It took a trip to the mound from Russell Martin in the second inning to help get Cole out of his most difficult jam of the evening, when he hit Gregor Blanco with a pitch to load the bases with two out.

"Bases loaded in the second? I said I better make a pitch, or we're screwed," Cole said to laughter. More seriously, he credited Martin for helping him find his way out of trouble.

"He just said relax, and take a couple deep breaths," Cole recalled. "When you're in a situation like that, you do the best you can, you try to tell yourself, just try to make quality pitches. Don't try to change anything."

But interestingly, Cole did change. He threw a fastball for strike one to Scutaro, then followed with a pair of sliders. The first froze Scutaro; he hit the second one weakly to right field for the third out of the inning.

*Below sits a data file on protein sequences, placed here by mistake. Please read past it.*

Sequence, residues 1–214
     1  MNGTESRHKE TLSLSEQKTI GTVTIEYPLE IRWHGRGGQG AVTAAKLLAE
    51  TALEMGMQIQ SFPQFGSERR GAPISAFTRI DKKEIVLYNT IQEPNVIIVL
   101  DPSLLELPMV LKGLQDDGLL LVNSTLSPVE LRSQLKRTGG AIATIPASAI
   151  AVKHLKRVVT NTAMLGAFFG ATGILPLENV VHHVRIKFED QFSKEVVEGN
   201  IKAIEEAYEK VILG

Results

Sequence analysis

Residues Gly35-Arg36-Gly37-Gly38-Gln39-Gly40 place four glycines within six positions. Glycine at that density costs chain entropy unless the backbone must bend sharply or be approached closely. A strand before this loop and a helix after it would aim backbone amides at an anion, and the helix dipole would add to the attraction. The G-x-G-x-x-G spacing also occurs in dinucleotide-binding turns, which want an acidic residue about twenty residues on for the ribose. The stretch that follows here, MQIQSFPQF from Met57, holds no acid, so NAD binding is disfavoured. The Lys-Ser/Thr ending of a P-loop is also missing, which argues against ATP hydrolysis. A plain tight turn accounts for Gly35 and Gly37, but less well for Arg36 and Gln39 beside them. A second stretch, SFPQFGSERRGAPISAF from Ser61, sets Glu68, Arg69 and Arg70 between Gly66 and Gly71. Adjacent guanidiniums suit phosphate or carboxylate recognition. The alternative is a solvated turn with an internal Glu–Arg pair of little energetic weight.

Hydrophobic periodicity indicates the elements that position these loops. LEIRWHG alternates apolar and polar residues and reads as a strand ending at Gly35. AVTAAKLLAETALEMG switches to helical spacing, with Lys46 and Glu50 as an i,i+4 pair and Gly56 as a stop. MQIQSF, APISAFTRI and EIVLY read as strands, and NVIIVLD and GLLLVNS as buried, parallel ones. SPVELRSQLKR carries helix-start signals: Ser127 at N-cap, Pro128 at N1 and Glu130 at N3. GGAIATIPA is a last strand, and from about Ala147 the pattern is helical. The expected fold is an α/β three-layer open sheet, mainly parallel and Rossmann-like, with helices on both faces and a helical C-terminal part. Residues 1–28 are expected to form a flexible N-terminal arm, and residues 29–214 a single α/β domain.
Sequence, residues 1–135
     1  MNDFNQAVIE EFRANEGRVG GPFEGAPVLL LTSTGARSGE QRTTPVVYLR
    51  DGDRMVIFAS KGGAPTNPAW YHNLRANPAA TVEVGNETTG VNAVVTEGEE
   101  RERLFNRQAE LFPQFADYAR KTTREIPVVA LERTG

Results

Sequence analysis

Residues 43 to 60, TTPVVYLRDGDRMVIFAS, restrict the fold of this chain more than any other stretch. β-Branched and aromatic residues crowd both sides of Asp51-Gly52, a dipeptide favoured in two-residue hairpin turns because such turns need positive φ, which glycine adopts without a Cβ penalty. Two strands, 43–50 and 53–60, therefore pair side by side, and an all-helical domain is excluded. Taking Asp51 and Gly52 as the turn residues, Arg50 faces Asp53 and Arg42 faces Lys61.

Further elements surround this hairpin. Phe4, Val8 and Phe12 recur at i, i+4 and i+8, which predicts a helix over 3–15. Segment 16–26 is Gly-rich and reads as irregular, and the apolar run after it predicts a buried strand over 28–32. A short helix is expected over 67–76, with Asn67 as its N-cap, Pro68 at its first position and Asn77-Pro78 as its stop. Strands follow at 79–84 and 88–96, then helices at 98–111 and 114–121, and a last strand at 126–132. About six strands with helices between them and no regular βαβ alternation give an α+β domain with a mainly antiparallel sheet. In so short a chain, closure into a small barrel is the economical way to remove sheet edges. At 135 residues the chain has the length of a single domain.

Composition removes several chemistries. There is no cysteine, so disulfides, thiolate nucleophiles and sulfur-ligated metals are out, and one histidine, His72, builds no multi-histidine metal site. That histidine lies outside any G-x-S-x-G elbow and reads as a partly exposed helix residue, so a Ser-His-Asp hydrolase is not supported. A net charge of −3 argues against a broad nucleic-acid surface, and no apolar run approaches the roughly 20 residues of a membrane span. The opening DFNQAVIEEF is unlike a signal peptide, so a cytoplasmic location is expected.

That kind of adjustment came infrequently Tuesday night, and by the latter innings, the Giants were jumping on even the livlier fastball offerings from Cole. That 81st pitch of the night, Cole's last, was 98 miles per hour. It was also laced by Tony Abreu into right field for a double.

After the game, Hurdle wasn't brooking any discussion about whether a fastball-intensive approach could be sustainable for Cole, if he's to become a frontline starter.

"I think we'll just let him pitch again," Hurdle said. "It was his first outing up here. Just let him pitch. That's what I'm going to keep telling him anyway, you can go anywhere you want to go when he gets up here."

On this night, anyway, it certainly worked. And at 22, Cole has plenty of time to learn how to integrate that slider, and command his changeup. Tuesday night was about a young man celebrating his first encounter with the major leagues, and a successful one.

"I mean, I could have been more aggressive at times," Cole said. "I had a lot of count leverage. But the offspeed, and the other stuff wasn't at its best. But we just made plays. Every fly ball was caught."

Shortly thereafter, his press conference ended, and, escorted by Pirates media relations, disappeared down a back corridor of PNC Park to go celebrate with his family.